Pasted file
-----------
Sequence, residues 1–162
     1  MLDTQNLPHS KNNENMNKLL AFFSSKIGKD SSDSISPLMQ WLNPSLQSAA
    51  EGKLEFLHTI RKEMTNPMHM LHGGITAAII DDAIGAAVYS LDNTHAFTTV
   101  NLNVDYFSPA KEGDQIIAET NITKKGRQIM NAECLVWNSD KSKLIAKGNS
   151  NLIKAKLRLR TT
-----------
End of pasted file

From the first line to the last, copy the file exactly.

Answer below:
Sequence, residues 1–162
     1  MLDTQNLPHS KNNENMNKLL AFFSSKIGKD SSDSISPLMQ WLNPSLQSAA
    51  EGKLEFLHTI RKEMTNPMHM LHGGITAAII DDAIGAAVYS LDNTHAFTTV
   101  NLNVDYFSPA KEGDQIIAET NITKKGRQIM NAECLVWNSD KSKLIAKGNS
   151  NLIKAKLRLR TT